Maine's highest court has issued an opinion interpreting Maine's laws governing wind energy project development. The opinion is noteworthy for its analysis of two areas of Maine wind energy law -- those designed to expedite the development of wind power in Maine, and those designed to protect scenic resources -- which the Court has called "competing legislative purposes."
The Maine Supreme Judicial Court's December 3, 2015 decision in Champlain Wind, LLC v. Board of Environmental Protection, 2015 ME 156, affirms an earlier decision by the state Board of Environmental Protection to deny a permit for the Bowers Wind Project proposed by developer Champlain Wind. In 2012 Champlain had filed a consolidated application with the Maine Department of Environmental Protection, seeking permits to construct the project. As described in the opinion, that project would include 16 wind turbines with a combined generating capacity of 48 megawatts. The turbines fell "just within the boundary" of an area designated by the state Legislature for expedited wind energy development. However, its turbines would be visible from nine great ponds classified as a "scenic resource of state or national significance" under state law.
After some process, the Department ultimately denied Champlain's application. In so doing, the Department concluded that the project met all but one applicable standard relating to views and scenic impacts. The Department based its permit denial on its finding that the project “would have an unreasonable adverse effect on the scenic character and existing uses related to the scenic character” of the nine affected great ponds.
Champlain appealed from the Department's denial to the Board of Environmental Protection. The Board issued an order in June 2014 affirming the Department's denial. Champlain appealed again, this time to the Maine Supreme Judicial Court.
The court's opinion on that case was published today. Much of the court's opinion focuses on the legal arguments in play -- for example, whether the Board unlawfully aggregated the scenic impact of the project on the nine affected great ponds in reaching its conclusion that the Project would have an unreasonable adverse scenic effect, whether the Board could take a "holistic approach" when considering the impact a proposed project may have on multiple scenic resources of state or national significance, and the level of judicial deference the court should afford the Board.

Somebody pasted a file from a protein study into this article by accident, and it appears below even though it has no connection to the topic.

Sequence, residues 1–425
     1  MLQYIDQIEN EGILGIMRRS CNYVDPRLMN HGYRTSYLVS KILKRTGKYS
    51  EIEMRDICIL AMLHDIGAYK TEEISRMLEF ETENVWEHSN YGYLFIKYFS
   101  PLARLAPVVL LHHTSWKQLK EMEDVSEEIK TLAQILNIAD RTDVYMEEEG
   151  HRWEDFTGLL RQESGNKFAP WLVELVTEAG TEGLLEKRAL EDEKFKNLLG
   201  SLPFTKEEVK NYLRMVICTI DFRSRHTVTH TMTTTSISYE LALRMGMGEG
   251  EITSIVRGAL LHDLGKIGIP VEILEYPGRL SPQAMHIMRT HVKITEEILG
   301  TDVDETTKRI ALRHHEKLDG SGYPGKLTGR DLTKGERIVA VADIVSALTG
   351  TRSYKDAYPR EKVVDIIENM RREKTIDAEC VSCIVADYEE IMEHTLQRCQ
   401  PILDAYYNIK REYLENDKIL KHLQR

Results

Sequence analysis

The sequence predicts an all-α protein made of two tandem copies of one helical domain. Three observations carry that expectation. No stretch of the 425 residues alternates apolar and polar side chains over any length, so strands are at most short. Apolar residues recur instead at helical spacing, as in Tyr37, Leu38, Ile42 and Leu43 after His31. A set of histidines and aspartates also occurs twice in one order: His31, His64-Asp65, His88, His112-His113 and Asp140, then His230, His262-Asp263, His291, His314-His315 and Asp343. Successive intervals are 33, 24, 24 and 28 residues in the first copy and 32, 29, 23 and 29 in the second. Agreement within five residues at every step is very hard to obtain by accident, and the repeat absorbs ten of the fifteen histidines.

But for those interested in Maine wind energy development law, the most interesting parts of the opinion are likely those showing how the court interprets the Maine Wind Energy Act and related statutes. As characterized in the introduction to the court's opinion,
the Board considered and balanced competing statutorily defined policies applicable to wind energy projects in Maine. The applicable statutes establish the dual policies of expediting wind energy development in defined geographic areas of Maine and at the same time providing enhanced protection for specific scenic resources.
In its discussion, the court noted:
The generating facilities and wind turbines that make up the Project are proposed to be sited within the expedited permitting area; however, most of the nine great ponds affected by the Project—all of which are rated as outstanding or significant from a scenic perspective—are fully excluded from the expedited permitting area. Thus, as previously noted, the Board was confronted with a project that falls directly between competing legislative priorities.
The court recited the Board's consideration as having included:
The court described these as "unique circumstances" and a "context of competing legislative priorities and unusually interconnected scenic resources." Because the court could not conclude that the Board acted unlawfully or arbitrarily or that the statutes compel a different result, the court deferred to the Board’s interpretation of the Maine Wind Energy Act and the statutes governing expedited permitting for grid-scale wind energy projects.